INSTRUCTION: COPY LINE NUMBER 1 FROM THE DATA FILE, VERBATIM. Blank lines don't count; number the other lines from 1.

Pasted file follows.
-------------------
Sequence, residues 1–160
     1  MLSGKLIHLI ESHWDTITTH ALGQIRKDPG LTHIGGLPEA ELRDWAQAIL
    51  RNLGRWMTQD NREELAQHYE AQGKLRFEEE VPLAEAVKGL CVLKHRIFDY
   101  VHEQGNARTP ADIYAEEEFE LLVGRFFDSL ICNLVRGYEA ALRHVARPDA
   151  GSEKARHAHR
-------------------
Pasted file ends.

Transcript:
Sequence, residues 1–160